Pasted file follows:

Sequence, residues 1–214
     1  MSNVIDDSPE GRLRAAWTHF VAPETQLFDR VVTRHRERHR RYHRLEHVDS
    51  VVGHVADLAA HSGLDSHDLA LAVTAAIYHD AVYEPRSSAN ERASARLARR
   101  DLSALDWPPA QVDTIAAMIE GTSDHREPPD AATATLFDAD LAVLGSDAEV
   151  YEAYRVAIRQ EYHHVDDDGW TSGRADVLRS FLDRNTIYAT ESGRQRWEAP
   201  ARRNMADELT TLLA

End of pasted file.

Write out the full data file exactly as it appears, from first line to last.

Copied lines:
Sequence, residues 1–214
     1  MSNVIDDSPE GRLRAAWTHF VAPETQLFDR VVTRHRERHR RYHRLEHVDS
    51  VVGHVADLAA HSGLDSHDLA LAVTAAIYHD AVYEPRSSAN ERASARLARR
   101  DLSALDWPPA QVDTIAAMIE GTSDHREPPD AATATLFDAD LAVLGSDAEV
   151  YEAYRVAIRQ EYHHVDDDGW TSGRADVLRS FLDRNTIYAT ESGRQRWEAP
   201  ARRNMADELT TLLA